7.1 - 7.3 -- Trigonometric Identities and Equations

Report
Chapter 7
Trigonometric Identities and
Equations
7.1 BASIC TRIGONOMETRIC
IDENTITIES
Reciprocal Identities
1
csc 
1
csc  =
sin 
1
tan  =
cot 
sin  =
cos  =
1
sec 
1
sec  = cos 
1
cot  = tan 
These identities are derived in this manner



sin  =  and csc  =  which gives you sin  =  
Quotient Identities
 
cos 
 
sin 
= tan 
= cot 
If using a unit circle as reference, these identities were derived using
 
cos 

=  = tan 
Pythagorean Identities
sin² + cos² = 1
tan² + 1 = sec²
1 + cot² = csc²
Opposite Angle Identities
sin [-A] = -sin A
cos [-A] = cos A
7.2 VERIFYING TRIGONOMETRIC
IDENTITIES
Tips For Verifying Trig Identities
• Simplify the complicated side of the equation
• Use your basic trig identities to substitute
parts of the equation
• Factor/Multiply to simplify expressions
• Try multiplying expressions by another
expression equal to 1
• REMEMBER to express all trig functions in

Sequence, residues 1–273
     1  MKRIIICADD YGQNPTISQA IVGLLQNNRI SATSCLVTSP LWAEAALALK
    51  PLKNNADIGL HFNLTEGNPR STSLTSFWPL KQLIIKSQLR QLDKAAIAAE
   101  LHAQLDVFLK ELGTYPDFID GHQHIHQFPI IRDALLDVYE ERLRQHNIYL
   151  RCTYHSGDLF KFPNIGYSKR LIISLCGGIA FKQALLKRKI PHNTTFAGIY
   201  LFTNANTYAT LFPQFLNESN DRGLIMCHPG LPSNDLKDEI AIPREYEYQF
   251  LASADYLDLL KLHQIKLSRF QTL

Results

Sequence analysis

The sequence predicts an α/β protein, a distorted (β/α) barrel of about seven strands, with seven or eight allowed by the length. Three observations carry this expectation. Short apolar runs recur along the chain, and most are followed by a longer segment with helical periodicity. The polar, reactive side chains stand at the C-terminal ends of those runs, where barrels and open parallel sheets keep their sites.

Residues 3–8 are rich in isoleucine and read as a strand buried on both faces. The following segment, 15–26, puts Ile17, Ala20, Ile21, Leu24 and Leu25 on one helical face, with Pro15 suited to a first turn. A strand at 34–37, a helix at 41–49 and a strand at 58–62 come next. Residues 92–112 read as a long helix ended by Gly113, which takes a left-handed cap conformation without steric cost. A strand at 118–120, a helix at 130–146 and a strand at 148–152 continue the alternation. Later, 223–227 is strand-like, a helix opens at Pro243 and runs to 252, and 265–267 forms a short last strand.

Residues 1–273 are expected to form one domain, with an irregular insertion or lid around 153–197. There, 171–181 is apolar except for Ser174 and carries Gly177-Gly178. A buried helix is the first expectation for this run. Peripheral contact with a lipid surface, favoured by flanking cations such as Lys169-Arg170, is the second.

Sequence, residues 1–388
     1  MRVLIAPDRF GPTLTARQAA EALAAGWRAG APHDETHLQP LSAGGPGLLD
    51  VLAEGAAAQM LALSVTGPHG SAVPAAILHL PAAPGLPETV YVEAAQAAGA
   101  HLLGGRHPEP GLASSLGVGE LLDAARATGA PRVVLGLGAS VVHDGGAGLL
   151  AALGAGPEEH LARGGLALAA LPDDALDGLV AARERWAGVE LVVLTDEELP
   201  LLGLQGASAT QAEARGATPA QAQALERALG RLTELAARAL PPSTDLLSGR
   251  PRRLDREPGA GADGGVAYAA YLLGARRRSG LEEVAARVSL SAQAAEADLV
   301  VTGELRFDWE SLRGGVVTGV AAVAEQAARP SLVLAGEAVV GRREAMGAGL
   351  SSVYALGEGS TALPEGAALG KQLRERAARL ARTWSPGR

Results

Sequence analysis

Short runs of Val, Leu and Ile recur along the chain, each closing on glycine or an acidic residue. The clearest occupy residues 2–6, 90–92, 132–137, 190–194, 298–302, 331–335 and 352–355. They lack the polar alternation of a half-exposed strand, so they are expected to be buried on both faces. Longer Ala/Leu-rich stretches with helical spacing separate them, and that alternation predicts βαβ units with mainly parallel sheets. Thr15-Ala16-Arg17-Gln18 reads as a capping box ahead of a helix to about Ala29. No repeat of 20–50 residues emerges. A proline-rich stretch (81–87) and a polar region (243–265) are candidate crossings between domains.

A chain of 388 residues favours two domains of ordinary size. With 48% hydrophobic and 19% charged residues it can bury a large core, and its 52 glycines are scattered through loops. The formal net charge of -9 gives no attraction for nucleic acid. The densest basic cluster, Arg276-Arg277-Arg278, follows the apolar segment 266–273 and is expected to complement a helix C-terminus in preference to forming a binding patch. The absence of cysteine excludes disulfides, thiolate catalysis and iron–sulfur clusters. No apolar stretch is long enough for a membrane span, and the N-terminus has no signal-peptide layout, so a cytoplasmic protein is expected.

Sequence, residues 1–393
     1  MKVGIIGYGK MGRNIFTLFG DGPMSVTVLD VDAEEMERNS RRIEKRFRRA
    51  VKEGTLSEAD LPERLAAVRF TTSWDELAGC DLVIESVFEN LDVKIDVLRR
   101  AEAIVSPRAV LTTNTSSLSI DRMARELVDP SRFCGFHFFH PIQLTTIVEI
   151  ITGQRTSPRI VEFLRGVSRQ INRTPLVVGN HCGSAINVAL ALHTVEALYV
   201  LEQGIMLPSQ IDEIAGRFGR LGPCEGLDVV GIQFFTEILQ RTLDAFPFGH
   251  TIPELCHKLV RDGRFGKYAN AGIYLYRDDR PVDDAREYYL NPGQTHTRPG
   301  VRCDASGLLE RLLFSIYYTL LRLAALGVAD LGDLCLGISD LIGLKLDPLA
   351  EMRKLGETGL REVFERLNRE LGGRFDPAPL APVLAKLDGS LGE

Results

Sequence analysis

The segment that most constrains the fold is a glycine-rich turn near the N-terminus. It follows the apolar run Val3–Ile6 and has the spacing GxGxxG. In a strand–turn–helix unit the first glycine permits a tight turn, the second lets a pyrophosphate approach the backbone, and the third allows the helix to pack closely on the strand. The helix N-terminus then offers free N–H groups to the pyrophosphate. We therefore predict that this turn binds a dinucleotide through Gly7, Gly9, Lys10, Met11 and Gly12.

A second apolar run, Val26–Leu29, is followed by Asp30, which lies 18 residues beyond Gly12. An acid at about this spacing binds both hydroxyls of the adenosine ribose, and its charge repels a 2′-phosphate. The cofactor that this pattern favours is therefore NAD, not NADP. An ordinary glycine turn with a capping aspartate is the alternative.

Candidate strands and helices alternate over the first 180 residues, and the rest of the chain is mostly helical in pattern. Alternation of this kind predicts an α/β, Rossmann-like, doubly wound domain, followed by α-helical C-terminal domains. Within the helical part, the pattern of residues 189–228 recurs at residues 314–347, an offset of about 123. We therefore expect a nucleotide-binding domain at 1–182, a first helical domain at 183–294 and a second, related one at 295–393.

terms of SINE AND COSINE
7.3 SUM AND DIFFERENCE
IDENTITIES
Difference Identity for Cosine
Cos (a – b) = cosacosb + sinasinb
• As illustrated by the textbook, the difference
identity is derived by using the Law of Cosines
and the distance formula
Sum Identity for Cosine
Cos (a + b) = cos (a - (-b))
The sum identity is found by replacing -b with b
*Note*
If a and b represent the measures of 2
angles then the following identities apply:
cos (a ± b) = cosacosb ± sinasinb
Sum/Difference Identity For Sine
sinacosb + cosasinb = sin(a + b) – sum identity
for sine
If you replace b with (-b) you can get the
difference identity of sine.
sin (a – b) = sinacosb - cosasinb
Sum & Difference
Tan[a ± b] =
 ± 
1 ± 
This identity is used as both the sum and
difference identity.

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